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Stainless Steel for Melonite Process

Stainless Steel for Melonite Process

Stainless Steel for Melonite Process

I would like to have some small investment castings Melonited (nitrocarburized).  The foundry can make castings in any metal pretty easily.  I am looking for a 55RC part that has decent impact strength and will take to the melonite process.  The 55 RC should not degrade after processing (1075F).

Does anyone have experience in this area?  Any stainless steel suggestions?


RE: Stainless Steel for Melonite Process

We use the salt bath process on numerous different types of SS parts, 17/4, 304, 316, and 303.
You will have a much higher surface hardness than Rc 55.

I have used it for enhancing the wear properties in highly abrasive flow conditions.

I have use it also for treating stainless steel in pumps and rotating process equipment where there is possibility of incidental contact.  

We have found that there is a loss of corrosion resistance in some of our highly oxidizing environments, i.e. HNO3.  I have seen no problems in other environments like steam, water, or any organics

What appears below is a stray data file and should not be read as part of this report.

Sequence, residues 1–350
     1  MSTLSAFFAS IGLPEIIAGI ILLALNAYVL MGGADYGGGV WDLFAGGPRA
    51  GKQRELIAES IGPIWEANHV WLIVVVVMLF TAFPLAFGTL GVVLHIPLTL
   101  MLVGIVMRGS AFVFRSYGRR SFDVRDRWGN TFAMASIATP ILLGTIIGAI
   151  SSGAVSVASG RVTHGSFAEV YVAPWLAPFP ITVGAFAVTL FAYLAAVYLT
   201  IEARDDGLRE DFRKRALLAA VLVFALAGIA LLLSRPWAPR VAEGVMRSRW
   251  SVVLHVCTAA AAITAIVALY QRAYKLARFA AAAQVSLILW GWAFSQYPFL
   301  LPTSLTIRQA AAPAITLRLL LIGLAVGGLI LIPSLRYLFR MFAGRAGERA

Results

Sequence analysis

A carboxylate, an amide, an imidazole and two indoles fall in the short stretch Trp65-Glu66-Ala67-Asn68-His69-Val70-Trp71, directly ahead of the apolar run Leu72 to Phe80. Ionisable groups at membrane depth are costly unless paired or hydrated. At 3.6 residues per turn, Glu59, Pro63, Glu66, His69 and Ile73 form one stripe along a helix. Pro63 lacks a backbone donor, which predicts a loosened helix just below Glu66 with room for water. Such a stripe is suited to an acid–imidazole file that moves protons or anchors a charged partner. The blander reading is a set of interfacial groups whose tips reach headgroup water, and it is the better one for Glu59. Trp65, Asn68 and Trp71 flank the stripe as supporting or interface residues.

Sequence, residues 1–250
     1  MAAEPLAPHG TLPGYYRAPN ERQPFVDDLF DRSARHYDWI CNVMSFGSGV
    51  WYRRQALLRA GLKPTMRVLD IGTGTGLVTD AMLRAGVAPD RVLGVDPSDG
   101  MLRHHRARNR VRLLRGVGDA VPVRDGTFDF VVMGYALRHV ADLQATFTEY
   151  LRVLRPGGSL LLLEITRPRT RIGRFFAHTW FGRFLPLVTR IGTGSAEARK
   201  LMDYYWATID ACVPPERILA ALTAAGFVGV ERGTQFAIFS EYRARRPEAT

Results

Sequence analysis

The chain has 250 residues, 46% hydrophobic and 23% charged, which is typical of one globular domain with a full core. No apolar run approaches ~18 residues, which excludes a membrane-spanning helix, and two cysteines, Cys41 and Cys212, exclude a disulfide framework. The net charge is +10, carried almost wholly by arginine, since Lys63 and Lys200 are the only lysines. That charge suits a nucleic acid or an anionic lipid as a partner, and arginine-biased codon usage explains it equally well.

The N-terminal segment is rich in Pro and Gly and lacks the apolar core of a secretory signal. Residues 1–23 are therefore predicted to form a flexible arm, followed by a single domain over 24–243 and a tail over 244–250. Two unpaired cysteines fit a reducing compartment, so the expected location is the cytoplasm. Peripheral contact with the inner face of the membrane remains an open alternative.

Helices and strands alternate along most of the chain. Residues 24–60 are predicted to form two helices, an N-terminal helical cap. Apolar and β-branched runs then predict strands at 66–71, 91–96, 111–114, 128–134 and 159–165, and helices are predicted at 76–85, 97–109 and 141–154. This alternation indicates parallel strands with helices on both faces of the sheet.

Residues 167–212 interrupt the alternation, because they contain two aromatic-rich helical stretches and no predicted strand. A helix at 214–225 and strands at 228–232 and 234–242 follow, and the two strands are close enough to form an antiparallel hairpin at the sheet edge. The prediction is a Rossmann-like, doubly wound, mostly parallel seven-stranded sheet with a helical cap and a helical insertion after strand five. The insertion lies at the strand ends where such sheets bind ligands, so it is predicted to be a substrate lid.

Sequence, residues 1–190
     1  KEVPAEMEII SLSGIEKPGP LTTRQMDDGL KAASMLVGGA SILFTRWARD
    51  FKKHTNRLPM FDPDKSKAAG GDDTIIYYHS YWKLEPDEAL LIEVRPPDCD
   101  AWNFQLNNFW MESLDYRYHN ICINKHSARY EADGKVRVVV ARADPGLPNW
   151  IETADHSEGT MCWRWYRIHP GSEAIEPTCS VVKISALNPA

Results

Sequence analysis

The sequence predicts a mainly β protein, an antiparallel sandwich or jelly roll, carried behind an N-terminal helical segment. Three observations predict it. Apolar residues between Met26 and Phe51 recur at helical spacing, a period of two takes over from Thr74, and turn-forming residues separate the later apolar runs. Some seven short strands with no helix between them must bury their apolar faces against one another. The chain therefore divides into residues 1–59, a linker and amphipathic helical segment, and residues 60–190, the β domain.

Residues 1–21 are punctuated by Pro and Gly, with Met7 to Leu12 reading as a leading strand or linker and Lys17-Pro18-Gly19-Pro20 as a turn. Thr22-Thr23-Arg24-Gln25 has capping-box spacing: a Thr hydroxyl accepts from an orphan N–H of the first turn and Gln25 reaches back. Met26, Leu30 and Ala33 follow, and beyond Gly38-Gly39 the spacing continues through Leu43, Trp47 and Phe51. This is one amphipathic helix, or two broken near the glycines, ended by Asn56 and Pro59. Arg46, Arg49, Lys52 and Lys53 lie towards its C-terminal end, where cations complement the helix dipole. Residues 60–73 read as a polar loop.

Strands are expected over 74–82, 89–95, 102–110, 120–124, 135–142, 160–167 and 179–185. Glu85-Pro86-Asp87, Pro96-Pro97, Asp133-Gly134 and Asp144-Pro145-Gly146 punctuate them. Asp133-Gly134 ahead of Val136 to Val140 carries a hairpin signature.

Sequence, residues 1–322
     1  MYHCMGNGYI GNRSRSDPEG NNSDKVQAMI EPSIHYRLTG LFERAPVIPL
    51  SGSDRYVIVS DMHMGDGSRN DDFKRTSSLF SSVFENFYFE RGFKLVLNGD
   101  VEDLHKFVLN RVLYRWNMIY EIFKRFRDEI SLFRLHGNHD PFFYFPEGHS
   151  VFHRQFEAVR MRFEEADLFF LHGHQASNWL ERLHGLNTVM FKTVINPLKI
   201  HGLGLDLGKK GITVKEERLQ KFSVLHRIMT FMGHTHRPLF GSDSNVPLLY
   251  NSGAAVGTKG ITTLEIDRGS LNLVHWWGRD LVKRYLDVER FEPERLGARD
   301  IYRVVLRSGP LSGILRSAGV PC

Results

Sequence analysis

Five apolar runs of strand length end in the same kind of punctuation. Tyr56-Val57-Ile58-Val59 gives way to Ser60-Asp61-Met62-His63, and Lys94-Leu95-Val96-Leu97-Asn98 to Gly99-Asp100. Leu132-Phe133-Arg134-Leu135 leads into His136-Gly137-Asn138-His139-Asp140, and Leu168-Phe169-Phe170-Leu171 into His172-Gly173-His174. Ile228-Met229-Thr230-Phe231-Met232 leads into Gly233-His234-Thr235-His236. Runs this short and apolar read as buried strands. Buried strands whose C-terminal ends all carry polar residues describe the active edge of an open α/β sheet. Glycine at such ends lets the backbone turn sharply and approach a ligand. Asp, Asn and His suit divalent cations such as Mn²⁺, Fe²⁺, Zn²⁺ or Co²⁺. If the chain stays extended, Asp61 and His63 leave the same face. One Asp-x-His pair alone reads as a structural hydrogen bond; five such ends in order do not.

If you could comeback with the end use it might help with the selection of the SS.


RE: Stainless Steel for Melonite Process

The parts are part of a small automated mechanism.  This particular part is like a little striking hammer.  I need 55RC in the core to withstand the battering at the nose of this part.  It does not get slammed but undergoes many spring powered strikes.  Melonite on a soft part would soon deform and render the part unusable.

We are currently using 8620 with a .030 case at 60 RC.  This works well but the Melonite will provide better scuffing resistance and make the part more ascetically pleasing with its nice black color (and save us a finishing step)

RE: Stainless Steel for Melonite Process

I would lean toward a PH grade.  They have some corrosion resistance and the temp is in the range for aging to maximum toughness.  The core hardness will only be in the low 30's.

As I think about it I don't know of any grade that you can age or temper at 1075F and end up with 44Rc, except a hot work tool steel like H19.  You wouldn't have much corrosion resistance, but it would be hard as hell.

= = = = = = = = = = = = = = = = = = = =
Corrosion never sleeps, but it can be managed.

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